One of the things we tell our acolytes is that, if they’re doing a good job, they will more or less disappear. And the same is true for the clergy—especially the one who is standing at the altar saying the words of the Eucharistic Prayer. Our job is to get out of the way. All of us—priests, acolytes, choir, ushers, and every one sitting in a pew—we are all here to experience God’s presence, and, if any one of us is drawing attention to himself, the rest of us have a harder time staying focused on the one who meets us here—the Word made flesh.

That’s one of my favorite things about the way we do church. Although there is plenty of time for the preacher to shine (or not), most of our service has less to do with us and more to do with Jesus. When we come to the altar rail to receive the bread and wine, we come to meet our Lord—to commune with God, not with our priest. Yes, some of you like to look the clergy in the eye and feel a gentle squeeze as the bread is placed into your palm, but, when we’re at our best, what transpires up there is an unmediated encounter between worshipper and God. The ministers disappear, and all that’s left is you and Jesus.

But sometimes that isn’t possible.

A few times in my ministry, I have noticed when one of you has crossed over the aisle to take Communion on the other side. Sometimes clergy disappoint their parishioners. And, once or twice, I have hurt one of you enough that you didn’t want me to be the one who handed you the Communion bread. What you may not know is that sometimes those roles are reversed. Sometimes parishioners disappoint their clergy. And, once or twice, one of you has hurt me enough that I didn’t want to be the one to hand you the “body of Christ, the bread of heaven.” I’ve never swapped sides or skipped over anyone, but I’ve thought about it once or twice because the truth is, whether parishioner or priest, it’s hard sharing this holy encounter with someone who has wounded you deeply.

There’s a page in the prayer book that outlines the procedure for withholding Communion from “a person who is living a notoriously evil life” or “those who have done wrong to their neighbors and are a scandal to the other members of the congregation” (BCP 409). Excommunication is the harshest punishment the church can bestow on its members, but it seems that there are times when it really does come to that. It’s not very well known, and I’ve never heard of anyone using it, but I think it’s important to put that procedure in there—not because I ever expect to need it but because all of us are supposed to remember that we cannot be the body of Christ if there is an unreconciled brokenness among us.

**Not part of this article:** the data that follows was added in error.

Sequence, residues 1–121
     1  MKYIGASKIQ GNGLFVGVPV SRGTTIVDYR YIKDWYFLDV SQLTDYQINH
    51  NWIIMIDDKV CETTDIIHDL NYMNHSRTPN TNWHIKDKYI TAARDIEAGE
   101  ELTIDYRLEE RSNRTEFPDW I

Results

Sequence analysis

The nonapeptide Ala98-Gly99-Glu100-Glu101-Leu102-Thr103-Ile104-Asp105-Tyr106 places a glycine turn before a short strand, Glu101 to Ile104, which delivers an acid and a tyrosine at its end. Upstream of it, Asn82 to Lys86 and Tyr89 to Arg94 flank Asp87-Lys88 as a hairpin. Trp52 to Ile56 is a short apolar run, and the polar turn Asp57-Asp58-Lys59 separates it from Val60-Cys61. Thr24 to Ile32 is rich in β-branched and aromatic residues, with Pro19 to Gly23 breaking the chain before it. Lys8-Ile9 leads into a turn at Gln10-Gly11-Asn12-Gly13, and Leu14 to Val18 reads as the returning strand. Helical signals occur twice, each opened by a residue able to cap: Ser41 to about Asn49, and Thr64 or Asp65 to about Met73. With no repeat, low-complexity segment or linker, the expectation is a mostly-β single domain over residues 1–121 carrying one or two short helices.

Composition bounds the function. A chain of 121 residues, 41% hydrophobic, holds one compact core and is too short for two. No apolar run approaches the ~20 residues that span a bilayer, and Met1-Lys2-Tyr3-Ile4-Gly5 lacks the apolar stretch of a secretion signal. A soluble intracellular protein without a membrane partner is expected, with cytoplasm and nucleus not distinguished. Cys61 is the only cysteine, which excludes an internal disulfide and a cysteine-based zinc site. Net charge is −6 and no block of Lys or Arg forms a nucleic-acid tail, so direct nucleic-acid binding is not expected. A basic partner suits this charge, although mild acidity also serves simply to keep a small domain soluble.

Today’s gospel lesson is recorded in a chapter that deals almost exclusively with forgiveness. After telling his disciples the parable of the lost sheep—the story of the shepherd who leaves the ninety-nine in search of the one who has gone astray—Jesus tells them what to do when a fellow disciple sins against them. First, go and point out the wrong when the two of you are alone. If that doesn’t work, bring one or two witnesses with you and see if you can regain that one. If that still doesn’t work, tell the whole church. And, if the hardhearted one refuses to listen even to the church, let such a one be to you as a Gentile and a tax collector. In other words, cut him off completely—from your worshipping community, from your social circle, from your business, and from every aspect of your life. That seems pretty harsh coming from the one who spent most of his time with tax collectors and prostitutes, but, given the enormity of God’s forgiveness, it makes sense.

God is the one who leaves everything behind in search of the one who is lost. God is the one who sees the magnitude of our sin and loves us anyway. God is the one who knows that we will always turn our back on him, yet he sent his son to show us that he will always be willing to welcome us back. If we allow our sin against one another to linger and fester in our community, the power of God’s forgiveness will never be real to us. We cannot be the body of Christ and sit across the aisle from someone who has hurt us. We cannot exist as the forgiven people of God if we refuse to seek forgiveness among ourselves. We cannot know heaven’s forgiveness if we cannot find forgiveness here on earth.